Booster and Beetle are saving the Justice League again, but can they manage to trend on social media?

Blue & Gold 1
Written by Dan Jurgens
Art by Ryan Sook

It seems as though there are very few writers who can accurately get the essence of Booster Gold on a four-color page. Over the last few years, I’ve cringed at Tom King’s attempts to write the character, either when he was doing a guest spot in King’s overly-epic BATMAN run or as one of the leads in the dismal HEROES IN CRISIS. Writing Booster as a complete buffoon or a sad-sack who screws up everything he touches may seem like it’s keeping with Booster Gold’s true nature, but it really misses out on a lot of his nuance.

Of course, the gravest disservice done to the character was essentially eliminating him in the New 52, after DC Comics had spent years building him up, letting him grow and actually making him a hero. His story arc in FIFTY-TWO – the weekly series from Grant Morrison, Geoff Johns, Greg Rucka and Mark Waid – gave Booster a lot of new life that was carried over into a solo series. And then he was gone again, disappearing into the time stream until the right reboot found him.

Instead of another solo series where Booster again grows into a hero that would no doubt be forgotten by the mid-point of the decade, Booster is now back with his best buddy Blue Beetle, another hero who’s been woefully underused since MAXWELL LORD blew his brains out at the start of the Infinite Crisis. And it’s being written by Booster’s creator and one of my favorite comic book writers, Dan Jurgens, so I feel confident that at the very least Booster will be handled with care in this 8-issue miniseries.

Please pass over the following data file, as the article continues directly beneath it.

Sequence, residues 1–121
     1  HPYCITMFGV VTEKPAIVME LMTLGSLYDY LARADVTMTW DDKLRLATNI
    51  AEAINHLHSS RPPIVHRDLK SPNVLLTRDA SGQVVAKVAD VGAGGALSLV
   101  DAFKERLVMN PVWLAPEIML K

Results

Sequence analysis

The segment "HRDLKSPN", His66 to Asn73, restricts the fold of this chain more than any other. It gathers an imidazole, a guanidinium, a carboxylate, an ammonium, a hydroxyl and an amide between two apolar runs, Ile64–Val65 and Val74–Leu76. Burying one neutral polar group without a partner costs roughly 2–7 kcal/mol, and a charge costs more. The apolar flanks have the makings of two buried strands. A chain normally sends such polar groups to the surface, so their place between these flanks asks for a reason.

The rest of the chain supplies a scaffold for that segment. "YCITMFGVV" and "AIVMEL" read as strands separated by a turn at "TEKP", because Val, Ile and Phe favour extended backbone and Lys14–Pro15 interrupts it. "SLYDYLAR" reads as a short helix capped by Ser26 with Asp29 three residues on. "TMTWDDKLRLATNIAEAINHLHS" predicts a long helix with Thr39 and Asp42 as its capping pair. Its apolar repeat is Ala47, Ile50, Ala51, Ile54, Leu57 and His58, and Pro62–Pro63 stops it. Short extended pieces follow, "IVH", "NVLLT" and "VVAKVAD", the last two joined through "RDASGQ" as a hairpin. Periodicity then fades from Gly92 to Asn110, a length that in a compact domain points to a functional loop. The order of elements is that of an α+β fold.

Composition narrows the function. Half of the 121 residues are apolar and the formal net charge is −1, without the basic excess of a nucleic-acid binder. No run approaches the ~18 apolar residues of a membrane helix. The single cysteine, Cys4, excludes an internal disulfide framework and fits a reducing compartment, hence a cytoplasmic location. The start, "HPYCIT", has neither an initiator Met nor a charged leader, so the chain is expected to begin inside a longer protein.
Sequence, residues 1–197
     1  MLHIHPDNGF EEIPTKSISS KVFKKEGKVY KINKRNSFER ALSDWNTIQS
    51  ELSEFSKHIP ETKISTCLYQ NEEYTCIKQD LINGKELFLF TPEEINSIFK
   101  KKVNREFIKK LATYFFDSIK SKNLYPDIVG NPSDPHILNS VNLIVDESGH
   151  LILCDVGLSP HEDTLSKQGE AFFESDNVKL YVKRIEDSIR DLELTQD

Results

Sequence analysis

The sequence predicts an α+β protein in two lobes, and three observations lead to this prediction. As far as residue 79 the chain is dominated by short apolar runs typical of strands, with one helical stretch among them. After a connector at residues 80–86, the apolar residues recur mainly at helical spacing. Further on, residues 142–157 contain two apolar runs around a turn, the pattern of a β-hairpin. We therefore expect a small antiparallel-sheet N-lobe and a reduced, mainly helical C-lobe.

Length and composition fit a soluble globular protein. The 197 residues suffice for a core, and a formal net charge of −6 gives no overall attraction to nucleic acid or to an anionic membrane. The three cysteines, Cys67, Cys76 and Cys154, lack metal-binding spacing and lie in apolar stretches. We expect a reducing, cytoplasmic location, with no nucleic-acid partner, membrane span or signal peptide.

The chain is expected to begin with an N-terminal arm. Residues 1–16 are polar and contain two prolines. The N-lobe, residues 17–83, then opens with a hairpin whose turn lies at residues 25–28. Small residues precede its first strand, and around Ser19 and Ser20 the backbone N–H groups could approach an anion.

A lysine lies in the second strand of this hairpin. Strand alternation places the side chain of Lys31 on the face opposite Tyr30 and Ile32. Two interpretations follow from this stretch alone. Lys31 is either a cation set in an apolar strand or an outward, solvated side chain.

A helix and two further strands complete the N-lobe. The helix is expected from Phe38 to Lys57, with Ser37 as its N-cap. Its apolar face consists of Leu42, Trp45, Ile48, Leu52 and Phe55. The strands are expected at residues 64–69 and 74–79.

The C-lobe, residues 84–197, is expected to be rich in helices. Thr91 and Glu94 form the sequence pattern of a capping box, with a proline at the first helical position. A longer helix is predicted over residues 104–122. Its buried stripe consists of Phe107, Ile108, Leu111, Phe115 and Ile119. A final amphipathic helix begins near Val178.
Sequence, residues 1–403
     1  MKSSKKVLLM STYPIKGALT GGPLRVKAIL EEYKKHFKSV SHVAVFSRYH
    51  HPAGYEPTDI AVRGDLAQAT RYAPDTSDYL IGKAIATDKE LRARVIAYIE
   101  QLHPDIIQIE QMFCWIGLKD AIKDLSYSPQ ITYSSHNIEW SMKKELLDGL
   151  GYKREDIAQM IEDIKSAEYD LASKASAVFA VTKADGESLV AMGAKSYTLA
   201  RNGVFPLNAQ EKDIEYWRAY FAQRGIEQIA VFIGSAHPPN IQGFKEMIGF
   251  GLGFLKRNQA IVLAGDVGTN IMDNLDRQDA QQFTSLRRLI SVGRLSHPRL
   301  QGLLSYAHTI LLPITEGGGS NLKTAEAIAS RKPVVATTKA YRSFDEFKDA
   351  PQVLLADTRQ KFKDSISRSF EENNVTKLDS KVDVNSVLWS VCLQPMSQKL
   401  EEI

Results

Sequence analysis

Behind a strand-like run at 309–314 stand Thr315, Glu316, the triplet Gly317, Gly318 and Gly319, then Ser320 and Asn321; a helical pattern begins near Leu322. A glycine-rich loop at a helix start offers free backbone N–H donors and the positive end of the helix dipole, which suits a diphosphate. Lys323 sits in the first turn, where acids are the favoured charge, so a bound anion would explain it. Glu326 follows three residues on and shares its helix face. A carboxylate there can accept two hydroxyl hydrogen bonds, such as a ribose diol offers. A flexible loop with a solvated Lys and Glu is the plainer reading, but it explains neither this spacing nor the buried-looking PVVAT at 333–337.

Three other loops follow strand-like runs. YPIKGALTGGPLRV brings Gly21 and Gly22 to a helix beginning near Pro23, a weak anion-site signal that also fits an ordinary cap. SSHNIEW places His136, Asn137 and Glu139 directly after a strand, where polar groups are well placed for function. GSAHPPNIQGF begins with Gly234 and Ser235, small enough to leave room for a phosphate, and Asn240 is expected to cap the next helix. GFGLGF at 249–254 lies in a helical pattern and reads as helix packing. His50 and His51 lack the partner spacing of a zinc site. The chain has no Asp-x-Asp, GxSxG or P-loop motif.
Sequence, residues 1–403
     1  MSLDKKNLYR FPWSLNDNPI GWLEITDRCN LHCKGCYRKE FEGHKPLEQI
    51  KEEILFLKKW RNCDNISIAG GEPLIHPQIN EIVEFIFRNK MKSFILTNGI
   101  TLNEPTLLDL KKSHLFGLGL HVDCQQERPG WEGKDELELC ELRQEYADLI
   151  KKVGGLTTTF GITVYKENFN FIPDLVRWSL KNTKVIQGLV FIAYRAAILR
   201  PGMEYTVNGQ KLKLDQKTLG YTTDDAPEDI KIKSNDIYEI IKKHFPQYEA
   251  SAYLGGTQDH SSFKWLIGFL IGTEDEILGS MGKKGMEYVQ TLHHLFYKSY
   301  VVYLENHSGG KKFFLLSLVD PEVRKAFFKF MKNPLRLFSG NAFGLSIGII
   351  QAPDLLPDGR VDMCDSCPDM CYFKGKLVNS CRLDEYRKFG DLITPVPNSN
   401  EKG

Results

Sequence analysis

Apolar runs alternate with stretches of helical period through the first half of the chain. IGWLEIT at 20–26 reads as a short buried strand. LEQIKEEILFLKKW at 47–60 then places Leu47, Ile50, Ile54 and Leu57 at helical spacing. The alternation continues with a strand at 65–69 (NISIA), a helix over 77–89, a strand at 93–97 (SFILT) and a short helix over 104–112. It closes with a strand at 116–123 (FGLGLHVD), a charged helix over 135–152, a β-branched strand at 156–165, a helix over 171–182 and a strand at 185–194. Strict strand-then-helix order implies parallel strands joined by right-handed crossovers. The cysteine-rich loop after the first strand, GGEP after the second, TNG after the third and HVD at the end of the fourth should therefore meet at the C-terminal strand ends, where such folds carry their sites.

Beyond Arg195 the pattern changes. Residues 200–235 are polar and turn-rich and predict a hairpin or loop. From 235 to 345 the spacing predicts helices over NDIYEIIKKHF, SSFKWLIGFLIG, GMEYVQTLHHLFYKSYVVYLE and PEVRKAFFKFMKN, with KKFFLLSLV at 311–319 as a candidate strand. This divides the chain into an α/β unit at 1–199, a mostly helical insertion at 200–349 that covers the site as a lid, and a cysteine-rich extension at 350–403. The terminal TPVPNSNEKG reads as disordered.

Yes, Booster is a bit of a buffoon here. He spends most of the issue playing to an audience on social media that clearly pities or downright loathes him – if they even know who he is – while attempting to rescue the Justice League after the team was captured by an alien invader. Instead of letting the would-be hero get destroyed, Booster’s robotic assistant Skeets finds Blue Beetle and convinces him to suit up and save his friend. Together, Blue and Gold manage to save the League and repel the alien invader

All in a day’s work for our heroes.

While Booster is angling for membership in the League so he can use the status to make more money in endorsements and online crowdsourcing, the team has a particularly harsh view of Booster, secretly telling Blue Beetle that he’s welcome. The League, though, has no room in the Watchtower for Beetle’s best buddy. Ted Kord turns down the invitation, lets Booster down gently and suggests the two go into superheroing themselves. I imagine at some point they’ll look up Fire and Ice and try and get the old JUSTICE LEAGUE INTERNATIONAL band back together. I honestly can’t remember the last time I saw either of them.

I was really looking forward to this issue and I think it delivered. Jurgens and artist Ryan Sook did a fantastic job incorporating the comments from Booster’s social media live stream into the story. The comments from the virtual peanut gallery were never distracting and managed to add to the narrative as it built to the reunion of the Blue Beetle-Booster Gold team. There’s a lot of potential in the remaining seven episodes, and I have a lot of faith in Jurgens and Sook to continue to tell a fun story.